Regardless, however, of how plucky and smart and strong Winterson is, a childhood like that leaves damage. She says, “When love is unreliable and you are a child, you assume that it is the nature of love—its quality—to be unreliable. … In the beginning the love you get is the love that sets.”

To see long excerpts from “Why Be Happy When You Could Be Normal?” at Google Books, click here.

In the second half of the book Winterson turns her gaze onto the consequences of that unreliable, indeed toxic, love. After a 25 year gap, the memoir continues. The gap is a sort of elephant in the room, and one wonders whether Winterson simply isn’t ready yet to look at those years under the same bright light as those on which she has concentrated. She does tell us that the search for love has been a lifelong preoccupation. (She does not, however, mention Pat Kavanagh on whom “The Passion” is purportedly based.) She picks up the thread when she endures a devastating romantic breakup with theater director Deborah Warner, and traces the resultant suicidal breakdown, which leads her to find her birth mother. 

She says, with characteristic bluntness:

“In February 2008 I tried to end my life. My cat was in the garage with me. I did not know that when I sealed the doors and turned on the engine. My cat was scratching my face, scratching my face, scratching my face.”

 

 


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By Salome, April 2, 2012 at 5:44 am Link to this comment
(Unregistered commenter)

How has this endless pursuit of “love” hurt us?  Let me count the ways.
From syrupy songs, to mindless movies, to tit(tering) tv, commercial interests ceaselessly drive us to buy the clothes, the cologne, the car, etc. that will finally capture the ultimate prize “love”.
How about peace?  Let’s pursue peace for a change.

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By Anarcissie, April 1, 2012 at 7:11 pm Link to this comment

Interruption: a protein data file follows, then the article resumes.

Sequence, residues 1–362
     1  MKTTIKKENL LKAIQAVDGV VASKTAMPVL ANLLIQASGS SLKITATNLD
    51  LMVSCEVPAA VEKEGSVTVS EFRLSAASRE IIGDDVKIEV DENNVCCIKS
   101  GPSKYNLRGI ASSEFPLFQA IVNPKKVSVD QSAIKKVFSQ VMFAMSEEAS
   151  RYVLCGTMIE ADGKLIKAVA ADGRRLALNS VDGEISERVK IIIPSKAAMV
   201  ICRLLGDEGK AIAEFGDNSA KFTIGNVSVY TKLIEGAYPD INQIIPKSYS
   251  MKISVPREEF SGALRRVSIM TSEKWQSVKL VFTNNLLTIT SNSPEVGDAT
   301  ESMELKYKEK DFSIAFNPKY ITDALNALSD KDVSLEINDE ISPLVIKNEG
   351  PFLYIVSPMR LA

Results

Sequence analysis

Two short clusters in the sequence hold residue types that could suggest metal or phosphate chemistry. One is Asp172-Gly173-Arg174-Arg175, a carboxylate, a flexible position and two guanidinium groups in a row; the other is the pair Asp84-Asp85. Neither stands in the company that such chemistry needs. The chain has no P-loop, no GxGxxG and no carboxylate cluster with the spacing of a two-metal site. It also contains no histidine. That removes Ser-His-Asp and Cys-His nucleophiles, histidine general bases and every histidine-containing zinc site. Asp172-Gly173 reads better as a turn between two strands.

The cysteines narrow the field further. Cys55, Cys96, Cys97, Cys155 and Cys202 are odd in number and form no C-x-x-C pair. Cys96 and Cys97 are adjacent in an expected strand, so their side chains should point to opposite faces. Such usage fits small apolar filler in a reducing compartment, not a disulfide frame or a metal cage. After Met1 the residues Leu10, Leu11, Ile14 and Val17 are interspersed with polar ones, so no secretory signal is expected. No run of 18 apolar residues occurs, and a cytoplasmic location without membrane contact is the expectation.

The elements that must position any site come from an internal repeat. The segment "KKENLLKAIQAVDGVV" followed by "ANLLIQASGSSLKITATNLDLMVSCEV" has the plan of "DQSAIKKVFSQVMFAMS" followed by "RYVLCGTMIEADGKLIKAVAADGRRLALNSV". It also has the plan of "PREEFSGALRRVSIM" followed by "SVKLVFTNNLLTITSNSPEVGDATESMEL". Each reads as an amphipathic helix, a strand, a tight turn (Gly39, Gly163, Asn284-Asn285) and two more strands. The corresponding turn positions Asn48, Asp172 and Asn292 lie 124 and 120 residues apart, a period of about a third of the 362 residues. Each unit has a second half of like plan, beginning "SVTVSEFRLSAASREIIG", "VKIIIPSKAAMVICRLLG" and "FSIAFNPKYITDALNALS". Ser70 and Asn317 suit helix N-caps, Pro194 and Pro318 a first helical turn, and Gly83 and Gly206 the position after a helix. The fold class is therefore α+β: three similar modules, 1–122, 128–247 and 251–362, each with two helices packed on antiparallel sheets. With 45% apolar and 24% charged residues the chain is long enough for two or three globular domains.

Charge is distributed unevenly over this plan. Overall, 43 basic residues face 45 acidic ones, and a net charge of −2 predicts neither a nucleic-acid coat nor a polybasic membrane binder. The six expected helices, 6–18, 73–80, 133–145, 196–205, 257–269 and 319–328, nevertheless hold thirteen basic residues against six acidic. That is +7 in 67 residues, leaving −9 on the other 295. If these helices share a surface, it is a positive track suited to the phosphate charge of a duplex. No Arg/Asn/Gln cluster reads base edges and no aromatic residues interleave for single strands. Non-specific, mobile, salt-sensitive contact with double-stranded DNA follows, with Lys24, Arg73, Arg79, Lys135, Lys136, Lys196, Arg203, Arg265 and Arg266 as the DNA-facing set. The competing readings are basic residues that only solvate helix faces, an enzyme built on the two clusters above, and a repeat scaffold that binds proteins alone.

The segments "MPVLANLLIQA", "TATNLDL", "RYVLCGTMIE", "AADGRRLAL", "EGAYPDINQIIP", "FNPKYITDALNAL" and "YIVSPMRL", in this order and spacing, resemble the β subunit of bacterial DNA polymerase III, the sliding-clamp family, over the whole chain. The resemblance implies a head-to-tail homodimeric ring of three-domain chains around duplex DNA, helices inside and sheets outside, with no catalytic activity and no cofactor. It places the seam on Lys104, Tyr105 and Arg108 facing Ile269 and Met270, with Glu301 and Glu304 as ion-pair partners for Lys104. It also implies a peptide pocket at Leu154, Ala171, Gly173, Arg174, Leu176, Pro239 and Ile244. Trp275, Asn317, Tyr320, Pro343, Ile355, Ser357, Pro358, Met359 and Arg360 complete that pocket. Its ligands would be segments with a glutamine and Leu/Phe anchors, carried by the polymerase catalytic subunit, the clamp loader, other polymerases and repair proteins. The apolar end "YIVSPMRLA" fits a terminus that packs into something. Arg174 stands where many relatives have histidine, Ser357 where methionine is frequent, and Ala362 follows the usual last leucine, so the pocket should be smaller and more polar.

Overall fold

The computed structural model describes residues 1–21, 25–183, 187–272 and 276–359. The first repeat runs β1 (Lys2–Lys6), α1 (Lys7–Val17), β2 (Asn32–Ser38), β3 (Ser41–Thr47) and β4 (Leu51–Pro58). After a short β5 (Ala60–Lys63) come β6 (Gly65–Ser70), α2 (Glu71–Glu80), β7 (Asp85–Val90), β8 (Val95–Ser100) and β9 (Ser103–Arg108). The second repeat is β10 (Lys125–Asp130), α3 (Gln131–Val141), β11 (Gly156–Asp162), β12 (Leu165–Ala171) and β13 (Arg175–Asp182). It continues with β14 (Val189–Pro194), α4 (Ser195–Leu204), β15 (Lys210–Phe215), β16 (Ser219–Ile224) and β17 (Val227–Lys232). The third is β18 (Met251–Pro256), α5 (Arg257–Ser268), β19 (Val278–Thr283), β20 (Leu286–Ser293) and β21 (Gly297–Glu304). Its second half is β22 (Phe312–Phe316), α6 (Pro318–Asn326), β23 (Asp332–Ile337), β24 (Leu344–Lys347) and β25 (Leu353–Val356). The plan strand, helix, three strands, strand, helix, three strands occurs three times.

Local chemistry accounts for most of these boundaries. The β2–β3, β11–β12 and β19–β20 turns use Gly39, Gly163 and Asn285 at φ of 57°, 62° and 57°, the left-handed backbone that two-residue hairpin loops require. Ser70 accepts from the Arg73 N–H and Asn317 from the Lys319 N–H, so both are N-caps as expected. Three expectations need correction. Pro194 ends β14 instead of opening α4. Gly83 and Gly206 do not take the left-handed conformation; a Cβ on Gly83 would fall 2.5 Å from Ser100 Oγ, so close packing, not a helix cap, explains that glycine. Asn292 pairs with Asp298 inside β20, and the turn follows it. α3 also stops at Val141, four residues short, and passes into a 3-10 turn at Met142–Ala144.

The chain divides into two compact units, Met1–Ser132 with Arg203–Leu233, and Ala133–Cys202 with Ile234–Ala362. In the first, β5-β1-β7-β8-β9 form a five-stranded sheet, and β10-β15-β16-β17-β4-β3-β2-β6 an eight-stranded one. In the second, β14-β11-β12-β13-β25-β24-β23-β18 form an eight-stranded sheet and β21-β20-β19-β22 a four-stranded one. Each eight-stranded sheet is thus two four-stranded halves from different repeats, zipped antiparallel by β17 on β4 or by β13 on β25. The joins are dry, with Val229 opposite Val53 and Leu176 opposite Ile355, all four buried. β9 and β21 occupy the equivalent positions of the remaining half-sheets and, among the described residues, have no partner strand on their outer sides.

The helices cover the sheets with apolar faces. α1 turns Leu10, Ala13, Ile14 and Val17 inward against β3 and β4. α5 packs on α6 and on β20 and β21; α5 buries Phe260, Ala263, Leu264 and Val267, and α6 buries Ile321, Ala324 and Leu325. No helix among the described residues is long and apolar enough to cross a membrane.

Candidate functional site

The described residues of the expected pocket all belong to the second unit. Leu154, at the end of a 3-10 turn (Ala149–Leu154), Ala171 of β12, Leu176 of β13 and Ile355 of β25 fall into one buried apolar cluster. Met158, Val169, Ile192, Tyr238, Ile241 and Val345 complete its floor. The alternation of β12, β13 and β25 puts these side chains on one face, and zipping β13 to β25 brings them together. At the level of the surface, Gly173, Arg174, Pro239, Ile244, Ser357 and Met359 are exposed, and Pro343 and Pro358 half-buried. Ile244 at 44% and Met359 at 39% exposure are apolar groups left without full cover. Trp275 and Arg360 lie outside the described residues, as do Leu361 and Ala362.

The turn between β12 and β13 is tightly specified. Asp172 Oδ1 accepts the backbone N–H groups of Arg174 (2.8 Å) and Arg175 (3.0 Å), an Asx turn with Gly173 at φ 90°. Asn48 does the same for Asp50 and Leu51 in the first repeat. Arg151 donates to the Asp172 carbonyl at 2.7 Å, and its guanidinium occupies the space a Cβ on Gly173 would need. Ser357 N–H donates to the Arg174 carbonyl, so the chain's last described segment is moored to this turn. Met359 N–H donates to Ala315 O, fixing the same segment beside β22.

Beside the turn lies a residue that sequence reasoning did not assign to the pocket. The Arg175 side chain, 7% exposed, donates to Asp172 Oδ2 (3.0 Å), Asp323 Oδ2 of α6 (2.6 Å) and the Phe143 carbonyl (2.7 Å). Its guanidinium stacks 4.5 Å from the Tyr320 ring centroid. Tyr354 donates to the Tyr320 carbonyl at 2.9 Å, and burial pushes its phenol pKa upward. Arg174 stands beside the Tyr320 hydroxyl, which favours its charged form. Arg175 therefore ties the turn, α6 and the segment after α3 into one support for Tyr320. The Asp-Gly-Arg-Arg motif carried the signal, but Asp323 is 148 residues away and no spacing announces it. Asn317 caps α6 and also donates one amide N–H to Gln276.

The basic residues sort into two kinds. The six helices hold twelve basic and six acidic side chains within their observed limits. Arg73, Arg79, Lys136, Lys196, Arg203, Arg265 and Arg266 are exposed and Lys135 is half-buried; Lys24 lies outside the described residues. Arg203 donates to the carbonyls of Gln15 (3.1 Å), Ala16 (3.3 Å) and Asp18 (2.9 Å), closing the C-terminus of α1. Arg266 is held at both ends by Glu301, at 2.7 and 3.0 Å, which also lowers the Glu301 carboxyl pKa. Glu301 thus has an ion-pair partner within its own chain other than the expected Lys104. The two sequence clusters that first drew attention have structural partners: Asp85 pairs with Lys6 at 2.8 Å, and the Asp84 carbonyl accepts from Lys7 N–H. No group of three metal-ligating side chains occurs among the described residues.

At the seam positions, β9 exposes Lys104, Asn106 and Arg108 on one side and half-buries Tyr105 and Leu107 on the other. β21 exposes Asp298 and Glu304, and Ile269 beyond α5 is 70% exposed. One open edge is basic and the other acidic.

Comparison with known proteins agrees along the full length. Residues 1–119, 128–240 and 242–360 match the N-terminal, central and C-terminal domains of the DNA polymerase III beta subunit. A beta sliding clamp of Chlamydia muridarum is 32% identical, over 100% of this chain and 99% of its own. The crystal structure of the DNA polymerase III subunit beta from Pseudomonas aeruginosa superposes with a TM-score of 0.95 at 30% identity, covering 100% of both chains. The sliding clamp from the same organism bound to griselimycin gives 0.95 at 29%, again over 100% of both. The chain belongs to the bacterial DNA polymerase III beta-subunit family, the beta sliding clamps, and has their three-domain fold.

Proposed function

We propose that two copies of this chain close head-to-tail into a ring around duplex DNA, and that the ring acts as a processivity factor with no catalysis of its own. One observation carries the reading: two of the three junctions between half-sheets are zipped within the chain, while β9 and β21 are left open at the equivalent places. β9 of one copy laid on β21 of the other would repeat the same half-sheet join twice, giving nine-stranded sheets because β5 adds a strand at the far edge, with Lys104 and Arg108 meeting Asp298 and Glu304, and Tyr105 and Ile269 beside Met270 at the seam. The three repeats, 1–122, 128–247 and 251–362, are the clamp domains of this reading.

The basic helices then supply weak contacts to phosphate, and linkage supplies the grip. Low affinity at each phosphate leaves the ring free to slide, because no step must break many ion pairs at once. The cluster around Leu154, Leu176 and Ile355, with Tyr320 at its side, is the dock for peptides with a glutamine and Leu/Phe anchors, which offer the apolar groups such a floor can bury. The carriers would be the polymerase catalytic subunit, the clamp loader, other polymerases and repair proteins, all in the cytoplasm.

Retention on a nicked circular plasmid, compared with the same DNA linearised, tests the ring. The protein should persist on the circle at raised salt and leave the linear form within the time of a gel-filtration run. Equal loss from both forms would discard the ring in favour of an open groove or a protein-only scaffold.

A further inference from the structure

Of course one might use an odd construction precisely in order to snag the readers, to make them read twice, because of the importance of the sentence.

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By tentaculata, March 31, 2012 at 9:20 am Link to this comment

“Why is the measure of love loss?” is the first line of Winterson’s novel, “Written on
the Body.”  She also uses it quite early in her autobiography in talking about her
relationship with her mother.

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By gerard, March 30, 2012 at 8:56 pm Link to this comment

Anarchissie:  I had similar language problems with this title—the idea of loss as the measure of love.  What finally settled me was the idea that everyone has a capacity for loving and being loved, and when that capacity is unfilled, the loss is profound and lasting and can only be “satisfied” by loving and being loved.
  Which raises some questions:  Why do so many Americans over-eat and overindulge?  Why are those monstsrous “cooking TV programs with the squoozey foot-high hamburghers so popular?  And the mile-higih cakes?  Why is America’s tendency to over-indulge in just about everything we do so conspicuous and out of control?  And why is this emptiness so unrecognized?
  And are we going to “render up” our entire country to the greed of Wall Street guzzlers and the obscene excesses of political exploitation?
  Are we the people who have everything and yet have nothing? Is it some kind of “love” that is missing from our lives—an emotional/spiritual emptiness that is making us suicidal?

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By Anarcissie, March 30, 2012 at 8:30 pm Link to this comment

By the way, it took me a couple of scans to parse the headline (‘Why Is the Measure of Love Loss?’)  which now seems to mean ‘Why is loss the measure of love?’  I kept putting ‘love loss’ together as ‘love-loss’ but then the foregoing sentence is ungrammatical.  Linguistics bloggers call these constructions ‘crash blossoms’, I believe.

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By John Poole, March 30, 2012 at 5:13 pm Link to this comment
(Unregistered commenter)

Yikes:  Many of us have had convoluted and unhealthy upbringings and somehow
managed to abide in some fitful manner.  We try to make sense of our
unhappiness and move on vowing to not pass on the hurt and mistreatment.

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By Anarcissie, March 30, 2012 at 12:11 pm Link to this comment

And thank the cat.